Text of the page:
2007's Person of the Year Is ...
Game, set, match, asterisk. The contest/discussion about who or what will be Time's "Person of the Year" is over.
(AP / CBS)
It's Steroids. Yesterday's federal indictment of Barry Bonds only sealed the deal.
From the home run king to 2000 Olympic champion Marion Jones's public confession to professional wrestler Chris Benoit's double murder-suicide to the forthcoming George Mitchell investigation to Americas competitive bicyclists, steroids have been in the news every month of this year, casting a pall over the sports worlds and American culture as a whole.
And let's not get too attached to visualizing "Person of the Year" as a walking, talking human being. As noted in this space last week, past PoYs have included 'the computer' and 'the planet Earth.' So a fluid or powder – or 'cream' or 'clear' or whatever euphemism is being used today – would not be a stretch.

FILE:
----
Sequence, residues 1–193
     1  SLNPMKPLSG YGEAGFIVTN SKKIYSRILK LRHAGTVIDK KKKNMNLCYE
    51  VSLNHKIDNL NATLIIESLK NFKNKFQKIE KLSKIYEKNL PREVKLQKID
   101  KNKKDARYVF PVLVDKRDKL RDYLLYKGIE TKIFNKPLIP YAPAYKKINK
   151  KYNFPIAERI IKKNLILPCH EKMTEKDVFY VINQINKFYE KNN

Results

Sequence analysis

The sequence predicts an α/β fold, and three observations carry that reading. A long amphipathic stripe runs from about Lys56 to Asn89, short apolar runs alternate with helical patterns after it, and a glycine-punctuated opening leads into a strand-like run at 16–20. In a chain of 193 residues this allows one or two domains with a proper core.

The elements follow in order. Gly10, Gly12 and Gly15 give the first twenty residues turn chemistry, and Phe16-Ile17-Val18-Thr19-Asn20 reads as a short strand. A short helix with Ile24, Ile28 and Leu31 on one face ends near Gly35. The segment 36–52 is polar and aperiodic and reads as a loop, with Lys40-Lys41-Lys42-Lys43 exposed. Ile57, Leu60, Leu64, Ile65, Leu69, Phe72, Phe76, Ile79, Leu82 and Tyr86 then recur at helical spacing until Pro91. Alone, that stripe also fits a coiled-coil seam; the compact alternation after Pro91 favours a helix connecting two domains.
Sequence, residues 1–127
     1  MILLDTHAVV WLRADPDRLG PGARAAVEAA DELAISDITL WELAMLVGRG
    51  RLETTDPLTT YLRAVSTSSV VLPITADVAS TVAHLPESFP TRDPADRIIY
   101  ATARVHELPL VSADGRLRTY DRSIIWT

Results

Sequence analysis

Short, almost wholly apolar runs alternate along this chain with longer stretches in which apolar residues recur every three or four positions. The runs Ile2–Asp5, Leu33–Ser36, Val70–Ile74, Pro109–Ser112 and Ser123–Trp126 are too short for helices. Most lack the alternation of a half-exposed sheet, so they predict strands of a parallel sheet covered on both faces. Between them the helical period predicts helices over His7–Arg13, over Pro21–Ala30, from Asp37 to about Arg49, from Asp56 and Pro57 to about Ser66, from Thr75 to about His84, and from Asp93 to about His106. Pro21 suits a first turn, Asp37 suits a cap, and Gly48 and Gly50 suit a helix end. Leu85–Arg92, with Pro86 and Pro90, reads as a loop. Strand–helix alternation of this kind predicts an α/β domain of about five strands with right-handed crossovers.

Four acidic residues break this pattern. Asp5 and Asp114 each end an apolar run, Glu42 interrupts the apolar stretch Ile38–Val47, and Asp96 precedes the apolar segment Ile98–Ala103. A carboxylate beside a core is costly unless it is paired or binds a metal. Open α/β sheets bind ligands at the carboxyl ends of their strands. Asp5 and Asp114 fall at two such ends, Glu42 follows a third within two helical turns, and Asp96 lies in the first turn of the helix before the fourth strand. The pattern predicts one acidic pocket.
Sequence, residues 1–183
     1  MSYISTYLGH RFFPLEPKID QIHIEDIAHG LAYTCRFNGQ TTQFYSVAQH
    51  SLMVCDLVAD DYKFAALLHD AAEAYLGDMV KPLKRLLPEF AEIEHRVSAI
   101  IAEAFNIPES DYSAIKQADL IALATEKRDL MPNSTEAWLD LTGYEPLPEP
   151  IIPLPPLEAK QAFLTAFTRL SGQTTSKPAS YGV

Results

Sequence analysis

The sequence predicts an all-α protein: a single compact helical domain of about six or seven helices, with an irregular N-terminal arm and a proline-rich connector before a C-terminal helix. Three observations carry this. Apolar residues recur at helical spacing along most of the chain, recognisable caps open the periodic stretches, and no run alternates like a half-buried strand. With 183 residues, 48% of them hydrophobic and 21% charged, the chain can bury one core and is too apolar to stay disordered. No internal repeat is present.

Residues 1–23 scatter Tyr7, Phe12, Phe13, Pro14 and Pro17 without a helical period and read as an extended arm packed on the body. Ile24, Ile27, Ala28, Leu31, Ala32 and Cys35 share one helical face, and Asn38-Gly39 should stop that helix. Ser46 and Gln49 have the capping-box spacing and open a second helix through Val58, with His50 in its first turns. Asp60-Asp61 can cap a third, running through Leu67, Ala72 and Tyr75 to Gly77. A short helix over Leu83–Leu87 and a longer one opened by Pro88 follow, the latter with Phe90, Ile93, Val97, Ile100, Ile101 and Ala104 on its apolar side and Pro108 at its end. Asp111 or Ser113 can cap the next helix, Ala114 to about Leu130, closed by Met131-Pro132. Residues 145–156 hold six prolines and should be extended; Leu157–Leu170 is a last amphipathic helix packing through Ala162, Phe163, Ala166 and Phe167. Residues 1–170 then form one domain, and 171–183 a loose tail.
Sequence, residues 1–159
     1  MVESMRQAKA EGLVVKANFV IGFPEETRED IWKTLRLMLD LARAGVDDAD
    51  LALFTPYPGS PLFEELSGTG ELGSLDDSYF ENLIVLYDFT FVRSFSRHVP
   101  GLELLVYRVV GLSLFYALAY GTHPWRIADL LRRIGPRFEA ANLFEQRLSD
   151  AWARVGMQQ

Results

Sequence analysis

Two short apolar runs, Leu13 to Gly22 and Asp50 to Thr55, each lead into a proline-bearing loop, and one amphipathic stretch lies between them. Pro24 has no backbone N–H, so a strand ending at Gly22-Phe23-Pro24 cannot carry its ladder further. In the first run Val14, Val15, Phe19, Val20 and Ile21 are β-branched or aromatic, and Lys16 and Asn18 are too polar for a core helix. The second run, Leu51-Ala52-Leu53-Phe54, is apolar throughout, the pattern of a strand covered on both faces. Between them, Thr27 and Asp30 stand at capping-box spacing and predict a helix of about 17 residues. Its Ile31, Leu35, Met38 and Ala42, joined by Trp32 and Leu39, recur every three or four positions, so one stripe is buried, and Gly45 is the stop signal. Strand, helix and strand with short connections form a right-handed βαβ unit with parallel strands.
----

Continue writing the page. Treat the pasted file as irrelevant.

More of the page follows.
Particularly when that powder or fluid can also serve as shorthand for America's bottom-line fixation. Any feature writer or opinion-monger at the magazine could wax philosophic about how steroids is a symptom of our culture's "ends justify the means" competitive mentality. And though the topic would fly in the face of Time's 20-year 'feel-good' streak, it could still be written in a way to show how justice is served and The Truth Will Out.
Picking steroids would be the perfect concept. It's timely. It's culturally relevant. It's completely apolitical. (A big plus in the run-up to the primaries, since they don't want to alienate readers.) It's gimmicky enough to create added buzz. And it would fly off the shelves over the holidays. Whether readers are sports fans or not, every single reader has been tempted to take competitive shortcuts over the course of their lives.
Time has an online poll now featuring "Harry Potter" author J.K. Rowling as the frontrunner, ahead of Al Gore, Barack Obama, Condoleeza Rice and Steve Jobs. But the decision for this year's "Person of the Year" has been made for them -- and will continue to be for the next month, as Bonds is arraigned and the Mitchell investigation is released.
Time should name steroids the newsmaker of 2007.